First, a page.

Drinking and Driving, When I learned my lesson

TYNDALL AIR FORCE BASE, Fla. -- As my deadline quickly approached for this editorial, I found myself at a loss. What words of wisdom on leadership or Air Force career lessons learned could I impart on my audience - leaving them going "Wow, I just had an epiphany!"?

I was staring at a blank Word document when I was notified about the base's fifth military driving under the influence offense for 2008 and I found myself thinking.....

It was summer 1983 and I was eighteen years young and looking forward to college in a couple of weeks. Saturday night at the local drive-in and my friends and I are going strong, drinking quite a few six-packs of beer. I know I'm drunk as I drive home, but I was 18 and thought that nothing was going to happen to me... and nothing did. I woke up the next morning with a pretty good hangover to find my loving father standing in the kitchen. He greets me with a smile and in a booming, louder-than-normal voice calls out, "Morning, hope you're hungry. I made you some breakfast." Sitting in front of me is a big plate of scrambled eggs, greasy bacon, and an ice cold Budweiser. Another big smile as he sees my face turn green and says "Eat up son; we have a long day ahead."

I'll spare you the details, you can probably figure out the rest.

After I cleaned up, Dad put his arm around my shoulders and said "Come along son, let me show you what I was working on the other night." We head out to the police station. You guessed it... he's a cop.

At the station, he passes me a folder which has about a dozen or so pictures of a single car accident where the driver was drunk and didn't survive. We didn't have digital cameras back then, but the pictures were clear enough for me to make another run to the bathroom.

Another grin from Dad and off we go, this time to the county sheriff. "Pictures don't do the scene justice son,' he said. "I want you to see the driver's car...take a good, hard look and think about what can happen the next time you get behind the wheel after you've been drinking." To this day, I will never forget the valuable lesson my father taught me that morning. I could just have easily been that guy.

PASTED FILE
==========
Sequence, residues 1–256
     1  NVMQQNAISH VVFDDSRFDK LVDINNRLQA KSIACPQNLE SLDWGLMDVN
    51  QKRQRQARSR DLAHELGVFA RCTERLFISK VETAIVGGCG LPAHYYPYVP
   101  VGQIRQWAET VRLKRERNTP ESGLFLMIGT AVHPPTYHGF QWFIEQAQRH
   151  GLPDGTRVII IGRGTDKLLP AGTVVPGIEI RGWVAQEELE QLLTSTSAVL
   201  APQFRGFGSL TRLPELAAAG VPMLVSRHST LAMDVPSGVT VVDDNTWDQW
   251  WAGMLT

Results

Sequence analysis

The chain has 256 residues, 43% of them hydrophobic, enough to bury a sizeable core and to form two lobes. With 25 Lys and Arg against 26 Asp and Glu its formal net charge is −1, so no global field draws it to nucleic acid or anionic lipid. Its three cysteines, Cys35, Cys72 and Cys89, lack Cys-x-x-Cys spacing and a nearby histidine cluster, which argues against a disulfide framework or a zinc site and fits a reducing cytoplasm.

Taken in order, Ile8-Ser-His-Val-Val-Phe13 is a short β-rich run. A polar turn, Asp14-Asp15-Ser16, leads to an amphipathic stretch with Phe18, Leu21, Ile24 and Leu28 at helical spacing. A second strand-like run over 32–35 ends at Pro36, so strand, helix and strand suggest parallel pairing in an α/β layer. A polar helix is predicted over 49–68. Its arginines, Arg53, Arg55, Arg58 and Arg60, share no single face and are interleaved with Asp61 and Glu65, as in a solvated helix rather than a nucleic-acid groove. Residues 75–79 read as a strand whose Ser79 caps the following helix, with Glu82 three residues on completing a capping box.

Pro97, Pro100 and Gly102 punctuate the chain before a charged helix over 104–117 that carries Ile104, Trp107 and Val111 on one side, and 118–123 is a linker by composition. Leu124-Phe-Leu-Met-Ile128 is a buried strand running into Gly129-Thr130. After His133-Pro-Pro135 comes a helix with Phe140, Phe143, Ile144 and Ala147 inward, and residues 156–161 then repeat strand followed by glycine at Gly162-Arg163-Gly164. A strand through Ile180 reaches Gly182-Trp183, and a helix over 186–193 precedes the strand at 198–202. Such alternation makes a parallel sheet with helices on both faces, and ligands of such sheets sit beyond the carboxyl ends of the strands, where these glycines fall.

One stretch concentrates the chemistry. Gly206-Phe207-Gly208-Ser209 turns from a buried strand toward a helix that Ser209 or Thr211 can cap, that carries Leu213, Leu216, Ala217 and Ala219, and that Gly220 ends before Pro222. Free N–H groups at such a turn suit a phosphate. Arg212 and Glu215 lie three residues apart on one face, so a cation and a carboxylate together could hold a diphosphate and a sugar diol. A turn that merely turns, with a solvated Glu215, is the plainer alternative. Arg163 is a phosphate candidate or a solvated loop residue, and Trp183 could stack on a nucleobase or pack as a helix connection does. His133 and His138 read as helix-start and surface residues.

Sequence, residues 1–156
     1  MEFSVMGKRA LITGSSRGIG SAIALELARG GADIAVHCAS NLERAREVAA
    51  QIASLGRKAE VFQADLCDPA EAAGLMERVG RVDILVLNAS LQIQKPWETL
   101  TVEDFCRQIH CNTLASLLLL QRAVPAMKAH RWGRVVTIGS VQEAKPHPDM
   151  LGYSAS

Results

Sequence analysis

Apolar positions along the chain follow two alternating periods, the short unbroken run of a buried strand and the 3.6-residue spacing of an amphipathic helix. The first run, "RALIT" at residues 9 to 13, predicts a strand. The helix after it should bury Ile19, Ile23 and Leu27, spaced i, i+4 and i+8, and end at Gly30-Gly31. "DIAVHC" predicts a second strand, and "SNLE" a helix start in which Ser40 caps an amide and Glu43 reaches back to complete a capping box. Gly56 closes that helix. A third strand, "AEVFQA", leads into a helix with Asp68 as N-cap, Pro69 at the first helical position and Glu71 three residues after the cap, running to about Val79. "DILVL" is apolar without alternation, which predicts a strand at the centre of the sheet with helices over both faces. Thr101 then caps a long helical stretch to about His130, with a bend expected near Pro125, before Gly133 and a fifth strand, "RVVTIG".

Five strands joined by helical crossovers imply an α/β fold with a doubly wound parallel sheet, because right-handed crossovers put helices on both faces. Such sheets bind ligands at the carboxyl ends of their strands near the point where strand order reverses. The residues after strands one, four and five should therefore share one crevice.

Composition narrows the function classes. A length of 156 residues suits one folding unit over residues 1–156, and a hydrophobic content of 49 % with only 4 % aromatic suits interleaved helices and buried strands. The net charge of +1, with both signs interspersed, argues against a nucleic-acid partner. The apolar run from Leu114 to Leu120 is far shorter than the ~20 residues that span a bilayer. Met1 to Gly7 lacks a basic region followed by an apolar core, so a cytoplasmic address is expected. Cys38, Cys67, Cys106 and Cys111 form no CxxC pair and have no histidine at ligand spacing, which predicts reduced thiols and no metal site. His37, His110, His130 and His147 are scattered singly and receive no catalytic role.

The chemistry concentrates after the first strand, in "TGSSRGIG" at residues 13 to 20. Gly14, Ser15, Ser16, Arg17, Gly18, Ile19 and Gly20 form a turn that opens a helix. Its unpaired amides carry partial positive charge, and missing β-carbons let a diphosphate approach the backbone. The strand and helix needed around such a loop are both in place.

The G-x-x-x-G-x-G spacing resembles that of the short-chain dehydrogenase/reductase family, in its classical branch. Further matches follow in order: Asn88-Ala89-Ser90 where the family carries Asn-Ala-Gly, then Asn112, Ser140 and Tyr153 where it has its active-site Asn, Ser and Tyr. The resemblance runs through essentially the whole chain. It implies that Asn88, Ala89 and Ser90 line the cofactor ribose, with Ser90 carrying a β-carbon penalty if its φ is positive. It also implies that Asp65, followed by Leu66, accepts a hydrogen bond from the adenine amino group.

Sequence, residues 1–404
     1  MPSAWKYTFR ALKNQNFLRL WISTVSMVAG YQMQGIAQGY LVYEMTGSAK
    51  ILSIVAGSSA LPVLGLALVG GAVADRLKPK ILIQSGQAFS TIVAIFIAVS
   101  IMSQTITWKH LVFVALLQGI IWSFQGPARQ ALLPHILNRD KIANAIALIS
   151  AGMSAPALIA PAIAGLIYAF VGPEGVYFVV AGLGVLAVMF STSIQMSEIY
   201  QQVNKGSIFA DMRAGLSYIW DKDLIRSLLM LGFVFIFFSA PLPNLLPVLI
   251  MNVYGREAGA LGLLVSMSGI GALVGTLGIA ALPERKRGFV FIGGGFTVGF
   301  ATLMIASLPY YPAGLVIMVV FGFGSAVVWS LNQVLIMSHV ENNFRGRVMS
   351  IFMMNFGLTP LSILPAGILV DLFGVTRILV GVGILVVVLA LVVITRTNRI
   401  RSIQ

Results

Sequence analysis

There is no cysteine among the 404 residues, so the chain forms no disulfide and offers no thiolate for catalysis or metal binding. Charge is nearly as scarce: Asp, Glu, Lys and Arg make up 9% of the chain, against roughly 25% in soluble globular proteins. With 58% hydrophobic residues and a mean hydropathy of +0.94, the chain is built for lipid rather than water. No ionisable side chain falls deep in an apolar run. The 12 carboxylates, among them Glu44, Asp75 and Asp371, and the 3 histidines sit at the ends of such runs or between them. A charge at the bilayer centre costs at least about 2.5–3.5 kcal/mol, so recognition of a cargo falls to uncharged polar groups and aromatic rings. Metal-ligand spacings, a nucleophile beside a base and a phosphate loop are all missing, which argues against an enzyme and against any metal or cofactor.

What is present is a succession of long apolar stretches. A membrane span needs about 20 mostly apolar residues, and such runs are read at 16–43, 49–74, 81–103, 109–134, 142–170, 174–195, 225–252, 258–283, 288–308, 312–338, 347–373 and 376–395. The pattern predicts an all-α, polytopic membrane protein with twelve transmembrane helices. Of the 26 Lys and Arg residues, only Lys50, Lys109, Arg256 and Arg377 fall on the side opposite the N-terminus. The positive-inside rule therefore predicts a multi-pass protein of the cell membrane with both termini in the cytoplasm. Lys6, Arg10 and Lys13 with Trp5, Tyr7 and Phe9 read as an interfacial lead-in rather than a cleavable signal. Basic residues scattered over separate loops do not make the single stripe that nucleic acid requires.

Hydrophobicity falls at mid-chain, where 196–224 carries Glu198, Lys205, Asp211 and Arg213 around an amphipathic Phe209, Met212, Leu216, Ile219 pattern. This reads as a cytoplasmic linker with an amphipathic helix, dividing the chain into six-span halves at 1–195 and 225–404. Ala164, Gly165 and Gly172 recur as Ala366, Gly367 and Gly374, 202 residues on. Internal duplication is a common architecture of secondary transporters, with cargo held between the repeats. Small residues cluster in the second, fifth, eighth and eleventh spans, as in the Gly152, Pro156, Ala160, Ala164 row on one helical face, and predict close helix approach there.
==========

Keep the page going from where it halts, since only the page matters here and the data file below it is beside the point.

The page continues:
I know someone is reading this and thinking "Cute story major, but that won't happen to me." For your sake and those whose lives you touch, I hope you're right. When this incident occurred, I wasn't in the military, but more than likely you are. From that angle and as a squadron commander, let me share with you what you can expect if you decide to "roll the dice."

For starters, if you get busted downtown, your DUI will set you back about $5,600 in fines, penalties, and increased insurance premiums. For a first-time offense, expect up to six months jail time, at least 50 hours community service, plus a six-month suspension of your driving privileges and mandatory attendance in a substance abuse education course.
You're also looking at a Letter of Reprimand and an Unfavorable Information File, and possible Control Roster action that could prevent you from testing, being promoted, getting an assignment, and more.

If you are busted on base, there will be no court costs, but expect an Article 15 along with forfeiture of pay and possibly loss of a stripe or two. For anyone that had a line number for promotion, that's probably gone too, along with a referral performance report, possible assignment cancellation, suspended security clearance and other job-impacting repercussions.

Let's take that on base DUI a little further for some hidden costs you might not know. Assume each person below is arrested on base after consuming a six-pack of beer.

· Senior Airman Jones - Article 15, reduced to airman first class. It takes two years to put senior airman back on for a total salary loss of $8,006. Cost per beer - $1,334.

· Tech. Sgt. Smith - Article 15, reduced to staff sergeant. It takes five years to put technical sergeant back on for a total salary loss of $35,358. Cost per beer - $5,893.

· Master Sgt. Thomas - Article 15, reduced to technical sergeant. Retires as a technical sergeant due to high-year tenure; loss of retirement pay over life/30 years is $191,184. Cost per beer -- $31,864.

I don't know about you but I can't think of any brand of beer I'd pay $1,300 for.
Did that grab your attention? Because I haven't even talked about the impact this DUI will have on your unit and co-workers. Who has to pick up the slack and do your job when you're behind bars, standing in front of the judge, or doing your community service time? Who picks up the tab when your security clearance has been suspended and you can't perform your primary job? Right again, your co-workers. Since they're busy covering your job, their job suffers, and as a result our mission at Tyndall Air Force Base suffers.

Getting behind the wheel after you've been drinking has a far greater impact than you probably imagined. Not only are you endangering your life and those on the road, you're impacting the lives of your family, friends, and co-workers, plus you're jeopardizing the ability of this wing to 'Guarantee Air Dominance'.

Five DUI's in three months is five too many. I learned my lesson 25 years ago, when will you learn yours?